Performance Art and the Law
Lydiate, Henry, Mcclean, Daniel, Art Monthly
The resurgence of performance-related artistic practices over the past decade raises complex aesthetic, legal and, at times, ethical questions regarding the protection, authorship and ownership of the 'works' generated through these artistic practices.
The relevance of these questions can be linked to the recent revival of interest in performance art from the 1960s and 70s and the growth in the market for artistic performances through their film, video and photographic documentation as distributed and sold in the form of unique or limited-edition artworks. It is now common to see such documentation for sale at galleries, art fairs and auctions, often for substantial prices.
This revival has also engendered reflection on whether it is possible to restage earlier performance and conceptual artworks, in the main originally intended to be ephemeral, and whether such works might be preserved in the form of choreographic instructions in the future. Marina Abramovic has explored these questions through her solo performances in New York at the Guggenheim and the Museum of Modern Art. In Seven Easy Pieces, 2005, Abramovic reenacted seven iconic performances by other artists (with the prior consent of the artists or their estates), including Joseph Beuys's How to Explain Pictures to a Dead Hare, ^65. In 'The Artist is Present' exhibition of 20i0, Abramovic instructed others to re-perform earlier pieces she had made in collaboration with her former partner, Ulay (Uwe Layspien), which included re-performing Imponderabilia, 1977, by recasting the performers as a naked male and female standing immobile in the frame of a gallery doorway through which spectators had to pass.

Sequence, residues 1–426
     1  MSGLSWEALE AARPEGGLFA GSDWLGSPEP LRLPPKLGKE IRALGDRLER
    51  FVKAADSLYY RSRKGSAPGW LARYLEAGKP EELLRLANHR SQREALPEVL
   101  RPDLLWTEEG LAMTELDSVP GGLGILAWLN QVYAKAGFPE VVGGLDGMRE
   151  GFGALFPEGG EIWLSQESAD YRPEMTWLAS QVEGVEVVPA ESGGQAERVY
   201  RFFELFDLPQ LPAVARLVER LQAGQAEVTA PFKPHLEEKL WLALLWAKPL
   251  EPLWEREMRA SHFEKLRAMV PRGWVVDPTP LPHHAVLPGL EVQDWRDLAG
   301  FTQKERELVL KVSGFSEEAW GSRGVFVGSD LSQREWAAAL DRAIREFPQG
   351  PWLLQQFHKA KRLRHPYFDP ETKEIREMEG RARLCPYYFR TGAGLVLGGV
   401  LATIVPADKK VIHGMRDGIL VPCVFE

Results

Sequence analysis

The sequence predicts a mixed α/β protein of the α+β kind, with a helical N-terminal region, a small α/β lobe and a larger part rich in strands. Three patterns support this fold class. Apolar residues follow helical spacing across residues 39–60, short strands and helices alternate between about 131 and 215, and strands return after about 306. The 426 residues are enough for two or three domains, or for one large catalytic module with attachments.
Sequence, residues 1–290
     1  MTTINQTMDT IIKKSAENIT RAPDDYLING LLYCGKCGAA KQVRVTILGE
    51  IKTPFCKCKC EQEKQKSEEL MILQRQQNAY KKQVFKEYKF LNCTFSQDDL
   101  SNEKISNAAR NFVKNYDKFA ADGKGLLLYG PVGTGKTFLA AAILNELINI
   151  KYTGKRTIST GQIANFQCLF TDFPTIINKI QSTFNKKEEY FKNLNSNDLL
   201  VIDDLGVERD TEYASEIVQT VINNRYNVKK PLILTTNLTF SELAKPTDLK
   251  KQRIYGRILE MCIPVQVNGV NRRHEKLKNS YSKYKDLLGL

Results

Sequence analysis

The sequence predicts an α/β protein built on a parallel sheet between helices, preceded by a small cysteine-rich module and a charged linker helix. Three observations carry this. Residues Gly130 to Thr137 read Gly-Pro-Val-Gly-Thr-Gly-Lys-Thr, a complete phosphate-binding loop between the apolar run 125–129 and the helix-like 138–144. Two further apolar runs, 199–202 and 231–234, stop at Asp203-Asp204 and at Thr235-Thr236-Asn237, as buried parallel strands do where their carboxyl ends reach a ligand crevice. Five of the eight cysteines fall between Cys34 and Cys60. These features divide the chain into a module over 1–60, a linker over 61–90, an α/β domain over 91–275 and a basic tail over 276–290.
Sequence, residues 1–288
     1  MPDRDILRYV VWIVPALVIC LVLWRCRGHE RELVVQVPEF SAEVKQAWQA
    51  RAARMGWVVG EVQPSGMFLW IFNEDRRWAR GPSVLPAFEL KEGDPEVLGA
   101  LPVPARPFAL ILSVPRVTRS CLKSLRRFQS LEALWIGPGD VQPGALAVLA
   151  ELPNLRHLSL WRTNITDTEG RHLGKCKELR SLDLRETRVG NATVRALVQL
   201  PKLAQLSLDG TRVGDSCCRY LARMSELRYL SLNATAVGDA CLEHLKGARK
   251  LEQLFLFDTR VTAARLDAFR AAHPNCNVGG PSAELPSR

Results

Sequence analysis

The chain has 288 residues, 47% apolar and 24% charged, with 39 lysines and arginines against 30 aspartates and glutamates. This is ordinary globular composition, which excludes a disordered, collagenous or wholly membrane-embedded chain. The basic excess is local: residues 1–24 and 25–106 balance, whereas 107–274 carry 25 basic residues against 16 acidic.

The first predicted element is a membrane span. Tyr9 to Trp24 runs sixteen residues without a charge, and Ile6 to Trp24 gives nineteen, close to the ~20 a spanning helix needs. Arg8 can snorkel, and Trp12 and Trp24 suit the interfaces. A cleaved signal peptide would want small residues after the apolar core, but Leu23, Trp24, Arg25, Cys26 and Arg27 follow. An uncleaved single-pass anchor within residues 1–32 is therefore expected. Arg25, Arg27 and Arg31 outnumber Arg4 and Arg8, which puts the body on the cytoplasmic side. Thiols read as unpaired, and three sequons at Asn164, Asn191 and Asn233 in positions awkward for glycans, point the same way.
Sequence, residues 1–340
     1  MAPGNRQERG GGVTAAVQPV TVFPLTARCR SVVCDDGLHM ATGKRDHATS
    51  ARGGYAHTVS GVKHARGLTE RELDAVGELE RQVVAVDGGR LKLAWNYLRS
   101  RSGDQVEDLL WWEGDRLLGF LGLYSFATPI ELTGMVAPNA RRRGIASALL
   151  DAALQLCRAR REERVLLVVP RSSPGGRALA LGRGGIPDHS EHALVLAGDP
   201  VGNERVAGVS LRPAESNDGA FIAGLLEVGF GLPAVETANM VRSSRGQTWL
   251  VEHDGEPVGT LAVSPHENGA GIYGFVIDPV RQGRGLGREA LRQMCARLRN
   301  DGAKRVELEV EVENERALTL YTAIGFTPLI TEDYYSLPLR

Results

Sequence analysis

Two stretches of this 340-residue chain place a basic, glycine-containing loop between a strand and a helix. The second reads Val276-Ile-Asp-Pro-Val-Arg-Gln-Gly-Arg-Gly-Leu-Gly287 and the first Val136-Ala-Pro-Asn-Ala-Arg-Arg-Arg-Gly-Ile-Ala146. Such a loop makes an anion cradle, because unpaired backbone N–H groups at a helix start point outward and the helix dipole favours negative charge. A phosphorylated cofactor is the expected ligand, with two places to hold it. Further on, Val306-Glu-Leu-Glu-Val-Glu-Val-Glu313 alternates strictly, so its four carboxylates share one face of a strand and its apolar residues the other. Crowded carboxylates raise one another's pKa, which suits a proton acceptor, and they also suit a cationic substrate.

Of equal importance to this resurgence has been the development of performance-related practices, whose model lies in the artist creating and delegating 'performative' instructions to others to perform in the absence of the artist. This paradigm is reflected in the work of various artists including La Ribot (Maria Ribot) and is epitomised by Tino Sehgal's so-called 'constructed situations' that require the enactment of his choreographic instructions and scripted speech by performers--or 'interpreters'--approved and trained by the artist. Sehgal's constructed situations are enacted in real time and in interaction with an audience inside a museum or a gallery, for instance during his solo exhibition at the Guggenheim, New York, in 20i0. In contrast to ephemeral works of performance art, Sehgal's works are exhibited, like other exhibits found in a gallery or a museum, during the entire opening times of the exhibition's duration.
The dematerialisation of artwork articulated in performance-related art raises complex legal issues as to how artists/performers define the 'work', and in particular control its performance and documentation by others. It also raises complex questions concerning legal recognition of authorship of the performance work and legal protection against plagiarism. Finally, it raises questions as to who has legal rights to control the (re-)performance of the work after an artist/ performer has transferred ownership of the rights in it--particularly after the artist's death. Given these questions, it is unsurprising that artists increasingly look to lawyers for answers.
There are three key facets that in particular need to be considered: protection, ownership and authorship. As will be seen, legal recognition of performance-related art practices is problematic. Performance-related art encompasses an array of open-ended artistic actions/practices which defy established legal categorisation and border on many disciplines and practices, including dance, film, theatre and installation. There is no coherent cultural definition of performance art. In effect, virtually any action performed by an artist or by others instructed by an artist can be termed an artistic performance. The lack of materiality inherent in the open-ended and process-based approach of performance-related art (Artlaw AM346) is problematic because the law, particularly intellectual property law, recognises creative works through traditional categories, and techniques and forms that are rigid and largely alien to performance-related practices; it requires creative works to be fixed in a material form. …